A brief narrative of the struggle for the rights of the Colored people of Philadelphia… : and a defence of William Still… -- Page 4

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Title: A brief narrative of the struggle for the rights of the Colored people of Philadelphia… : and a defence of William Still… -- Page 4
Document Title: A brief narrative of the struggle for the rights of the Colored people of Philadelphia in the city railway cars : and a defence of William Still, relating to his agency touching the passage of the late bill : Read before a large public meeting, held in Liberty Hall, Lombard St. below Eighth, Apr. 8th, 1867.
Author: Still, William, 1821-1902
Date: 1867
Page Transcription:
Lombard streets, &c, furnishes a sample of the great body of colored people residing in Philadelphia. I beg, Mr. Editor, to respectfully add, that the inhabitants of this ill-fated region are by no means a fair sample of the twenty thousand colored people of Philadelphia. The gulf between this degraded class and the great mass of industrious colored people, is well nigh as marked as was the gulf between Dives and Lazarus, in the parable; as I shall attempt to demonstrate here, besides volunteering further to prove, by ocular testimony, if any of your readers choose to condescend to accompany me to parts and places where the decent portions of colored people reside ; to the eighteen or twenty colored churches, with their Sabbath schools ; to at least twenty day schools, of a public and private character; to the dozens of beneficial societies, united for the mutual support of their sick and disabled members; to the neat and genteely furnished three-story brick houses, owned, occupied, and paid taxes for, almost entirely by colored people—on Rodman street, Ronaldson street and Washington street; to observe the extent of valuable property owned on South and Lombard streets (in the most respectable part of those streets;) to examine some of the stores (they may not be large) kept by colored men; (of which more will be said presently) to pass those living in respectable houses, elegantly furnished, houses alone worth from five to ten thousand dollars; likewise leaving out the many in various other parts of the city, where industrious, sober and decent people live and own considerable real estate. I think abundant evidence may be found in the directions alluded to, to convince the most prejudiced against the colored man, that he is by no mean so sadly degraded and miserably poor as the public have generally been led to suppose, from all that has been said of him in connection with the degraded localities alluded to before. I hardly know an anti-slavery paper in the country into which this article was not copied and commended. And, if I mistake not, it was the first newspaper article that found its way into any of the daily papers of Philadelphia on the subject of our grievance. The next day after the appearance of this article, a writer, of whom I had no knowledge, came out in the North American and quite encouragingly commended my steps. For a length of time I continued in this way to plead for our rights. But two or more years passed, during which time scarcely a paper in Philadelphia noticed an outrage perpetrated against us on the cars, except simply in the local reports. The indignities and outrages daily inflicted upon us were multiplied, but very few seemed to take any notice of them. In 1861, on a motion made by myself in the Executive Committee of the Social, Civil and Statistical Association, a com-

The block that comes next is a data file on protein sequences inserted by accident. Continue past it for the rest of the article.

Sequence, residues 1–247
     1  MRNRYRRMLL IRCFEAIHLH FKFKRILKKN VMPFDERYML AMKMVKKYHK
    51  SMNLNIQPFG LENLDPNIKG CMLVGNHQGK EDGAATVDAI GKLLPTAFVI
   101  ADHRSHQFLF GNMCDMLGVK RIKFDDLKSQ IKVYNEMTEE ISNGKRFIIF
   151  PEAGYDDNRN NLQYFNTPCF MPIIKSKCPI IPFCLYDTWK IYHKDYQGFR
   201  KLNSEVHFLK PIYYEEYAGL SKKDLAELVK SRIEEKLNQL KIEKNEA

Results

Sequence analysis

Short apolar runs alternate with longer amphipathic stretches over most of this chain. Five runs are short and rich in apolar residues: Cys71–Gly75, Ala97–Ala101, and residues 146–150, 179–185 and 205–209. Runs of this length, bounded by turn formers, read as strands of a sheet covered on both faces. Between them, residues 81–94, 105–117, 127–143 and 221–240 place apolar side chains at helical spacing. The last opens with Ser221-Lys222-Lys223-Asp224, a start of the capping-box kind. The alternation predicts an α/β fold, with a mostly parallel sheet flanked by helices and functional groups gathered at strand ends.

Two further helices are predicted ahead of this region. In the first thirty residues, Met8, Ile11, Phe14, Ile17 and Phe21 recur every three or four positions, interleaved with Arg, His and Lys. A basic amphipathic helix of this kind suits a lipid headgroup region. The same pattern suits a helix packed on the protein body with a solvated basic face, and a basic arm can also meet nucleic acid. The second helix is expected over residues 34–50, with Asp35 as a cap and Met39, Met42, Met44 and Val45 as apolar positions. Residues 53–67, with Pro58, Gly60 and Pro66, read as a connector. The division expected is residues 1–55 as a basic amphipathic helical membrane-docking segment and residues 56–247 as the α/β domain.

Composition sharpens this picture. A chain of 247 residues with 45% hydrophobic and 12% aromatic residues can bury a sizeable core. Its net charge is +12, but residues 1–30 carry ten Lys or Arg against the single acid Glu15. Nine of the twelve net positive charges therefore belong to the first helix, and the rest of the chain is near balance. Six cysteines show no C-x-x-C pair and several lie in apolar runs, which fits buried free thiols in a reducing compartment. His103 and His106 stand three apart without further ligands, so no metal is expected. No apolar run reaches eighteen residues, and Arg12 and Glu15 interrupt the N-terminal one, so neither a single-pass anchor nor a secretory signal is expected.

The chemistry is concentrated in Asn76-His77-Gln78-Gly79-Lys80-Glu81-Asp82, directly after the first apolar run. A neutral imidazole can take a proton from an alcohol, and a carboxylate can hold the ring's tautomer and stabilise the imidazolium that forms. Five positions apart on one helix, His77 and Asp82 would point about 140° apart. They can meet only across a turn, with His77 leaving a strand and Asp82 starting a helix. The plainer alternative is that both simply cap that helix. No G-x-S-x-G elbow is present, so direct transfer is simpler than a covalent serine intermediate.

Subject:
African Americans--Civil rights
African Americans--Pennsylvania--Philadelphia
Street-railroads--Pennsylvania--Philadelphia
Segregation in transportation--Pennsylvania--Philadelphia
Notes:
Cover title.
Format: image/jp2
Type: Pamphlets
Publisher: Philadelphia / Merrihew & Son, Printers
Physical Description: 1 pamphlet: 22 cm.
Number of Pages: 28
Rights: This material is made available for private study, scholarship, and research use. For access to the original photograph or high-resolution image, please contact the Charles L. Blockson Afro-American Collection (blockson@temple.edu; 215-204-6632).
Language: English
Repository: Temple University Libraries, Charles L. Blockson Afro-American Collection
Digital Collection: William Still Collection
Digital Publisher: Philadelphia, PA: Temple University Libraries
Document ID: BPHX00002